Writing as an Assessment 2

1 teachers like this lesson
Print Lesson


SWBAT write an on demand nonfiction piece of writing.

Big Idea

Once students learn a standard and basic structure of nonfiction writing they can quickly produce an organized piece of nonfiction writing.


5 minutes

In the state I teach in, fourth grade is the year students are assessed in writing on the state test. They are expected to know how to write a multiparagraph fiction story as well as a typical five paragraph essay with a introduction, conclusion and topic sentences at the beginning of each body paragraph.


Because this is supposed to be an assessment, I only do a quick introduction to this lesson. I ask students if they have ever heard of a “five paragraph essay” or an “essay” and if they have ever written a report. I let them lead me to any possible support that I might plan on giving them. In this case, I either have them share out or I provide information on introduction, conclusion, and body paragraphs.


10 minutes

I remind them or introduce that nonfiction or opinion writing can be structured in a way that starts with an introduction to the topic, gives specific information supported with details, and then concludes the writing. I also remind students that each section is written in a paragraph and writers indent paragraph on the first line to indicate that it is a new section.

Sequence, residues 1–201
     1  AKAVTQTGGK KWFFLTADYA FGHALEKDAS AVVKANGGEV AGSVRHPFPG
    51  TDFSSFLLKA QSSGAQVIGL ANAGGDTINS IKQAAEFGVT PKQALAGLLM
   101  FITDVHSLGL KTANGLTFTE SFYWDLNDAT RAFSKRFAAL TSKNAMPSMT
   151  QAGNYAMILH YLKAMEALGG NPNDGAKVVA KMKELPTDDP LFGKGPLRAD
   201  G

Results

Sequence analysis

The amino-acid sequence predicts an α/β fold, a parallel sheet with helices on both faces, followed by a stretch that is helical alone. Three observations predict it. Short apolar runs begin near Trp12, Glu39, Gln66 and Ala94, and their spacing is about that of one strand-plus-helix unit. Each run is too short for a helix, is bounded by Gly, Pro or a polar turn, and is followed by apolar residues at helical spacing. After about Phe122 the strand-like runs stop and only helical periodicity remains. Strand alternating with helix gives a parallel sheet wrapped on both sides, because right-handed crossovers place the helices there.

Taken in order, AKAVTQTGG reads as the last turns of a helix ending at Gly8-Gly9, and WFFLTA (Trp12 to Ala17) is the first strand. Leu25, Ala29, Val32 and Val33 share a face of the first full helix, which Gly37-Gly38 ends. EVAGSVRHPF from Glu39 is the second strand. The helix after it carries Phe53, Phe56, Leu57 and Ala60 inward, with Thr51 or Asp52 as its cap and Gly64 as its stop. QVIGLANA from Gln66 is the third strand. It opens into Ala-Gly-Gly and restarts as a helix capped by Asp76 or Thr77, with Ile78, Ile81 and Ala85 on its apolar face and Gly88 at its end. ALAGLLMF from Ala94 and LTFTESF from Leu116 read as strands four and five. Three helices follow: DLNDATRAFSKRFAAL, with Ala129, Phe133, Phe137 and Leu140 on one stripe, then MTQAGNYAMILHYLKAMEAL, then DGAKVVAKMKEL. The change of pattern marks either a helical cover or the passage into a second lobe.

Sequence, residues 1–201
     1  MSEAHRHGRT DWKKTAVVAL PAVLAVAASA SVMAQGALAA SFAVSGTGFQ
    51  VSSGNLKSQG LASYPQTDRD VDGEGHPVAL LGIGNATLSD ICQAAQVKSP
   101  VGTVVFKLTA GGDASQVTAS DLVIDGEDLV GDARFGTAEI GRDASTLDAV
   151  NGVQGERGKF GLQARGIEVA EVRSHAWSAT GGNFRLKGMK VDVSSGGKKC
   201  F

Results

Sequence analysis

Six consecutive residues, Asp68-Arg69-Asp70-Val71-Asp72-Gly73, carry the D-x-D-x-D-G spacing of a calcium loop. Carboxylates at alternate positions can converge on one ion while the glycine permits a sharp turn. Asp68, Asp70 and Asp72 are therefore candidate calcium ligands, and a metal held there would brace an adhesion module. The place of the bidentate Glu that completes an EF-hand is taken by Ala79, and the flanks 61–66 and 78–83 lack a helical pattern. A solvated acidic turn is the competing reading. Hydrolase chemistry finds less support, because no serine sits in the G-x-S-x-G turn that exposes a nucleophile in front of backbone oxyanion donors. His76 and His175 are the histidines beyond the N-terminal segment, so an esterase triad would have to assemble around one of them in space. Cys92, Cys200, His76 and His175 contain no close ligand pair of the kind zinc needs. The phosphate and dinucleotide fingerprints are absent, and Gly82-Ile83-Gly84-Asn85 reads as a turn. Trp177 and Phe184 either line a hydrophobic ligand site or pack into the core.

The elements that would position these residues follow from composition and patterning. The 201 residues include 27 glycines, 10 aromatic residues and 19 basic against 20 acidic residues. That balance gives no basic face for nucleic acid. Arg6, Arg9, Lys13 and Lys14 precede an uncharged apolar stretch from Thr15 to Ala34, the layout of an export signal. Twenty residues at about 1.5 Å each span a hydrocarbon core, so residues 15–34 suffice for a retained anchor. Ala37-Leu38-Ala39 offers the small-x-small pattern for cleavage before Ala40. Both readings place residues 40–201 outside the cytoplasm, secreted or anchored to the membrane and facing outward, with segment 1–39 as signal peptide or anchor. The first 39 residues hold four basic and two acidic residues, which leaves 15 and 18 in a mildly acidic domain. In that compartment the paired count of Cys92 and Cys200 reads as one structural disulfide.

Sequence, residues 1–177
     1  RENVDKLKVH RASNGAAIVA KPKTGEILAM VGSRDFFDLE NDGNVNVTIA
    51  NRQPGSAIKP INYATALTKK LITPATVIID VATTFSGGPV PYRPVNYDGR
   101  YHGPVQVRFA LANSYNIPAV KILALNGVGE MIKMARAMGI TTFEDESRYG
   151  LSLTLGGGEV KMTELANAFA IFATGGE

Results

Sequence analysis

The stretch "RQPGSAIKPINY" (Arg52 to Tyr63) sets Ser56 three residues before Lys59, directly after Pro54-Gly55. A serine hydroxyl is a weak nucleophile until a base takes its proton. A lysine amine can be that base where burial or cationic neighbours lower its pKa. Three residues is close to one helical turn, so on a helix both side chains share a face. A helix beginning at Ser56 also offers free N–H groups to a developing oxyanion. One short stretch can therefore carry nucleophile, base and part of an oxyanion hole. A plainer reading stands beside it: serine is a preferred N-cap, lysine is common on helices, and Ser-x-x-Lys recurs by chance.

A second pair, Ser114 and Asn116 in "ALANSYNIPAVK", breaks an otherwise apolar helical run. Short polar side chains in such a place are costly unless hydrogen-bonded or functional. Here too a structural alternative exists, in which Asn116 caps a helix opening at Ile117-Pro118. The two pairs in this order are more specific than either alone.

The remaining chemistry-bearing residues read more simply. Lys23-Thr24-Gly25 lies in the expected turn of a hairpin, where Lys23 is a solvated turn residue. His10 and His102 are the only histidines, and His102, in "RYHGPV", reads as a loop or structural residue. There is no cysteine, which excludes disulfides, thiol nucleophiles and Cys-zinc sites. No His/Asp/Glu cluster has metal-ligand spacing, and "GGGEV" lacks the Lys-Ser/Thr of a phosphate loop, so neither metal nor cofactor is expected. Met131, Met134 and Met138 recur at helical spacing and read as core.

Although I want students to show me what they already can do on their own through completing an on-demand writing assessment, I also want to make sure that they are accessing all of the things they have learned before. Therefore, I spend a few minutes reminding them and eliciting ideas about writing nonfiction essays. As students share what they remember learning from previous school years and writing experiences, other students might also be reminded of their own experiences.

Independent Practice and Share

30 minutes

I do not guide students through the writing process  because I want to see what they can do on their own. At this point, I ask students to use a piece of paper and double space it. I remind them to use paragraphs. The topic is if you had one super hero power, what would it be and why?

Of course, students are really interested and excited in responding to this prompt. They want to share before writing, but I ask them to wait until the end. Once they have finished writing their essays, I give students a moment to share what super hero power they chose and why with members of their table group.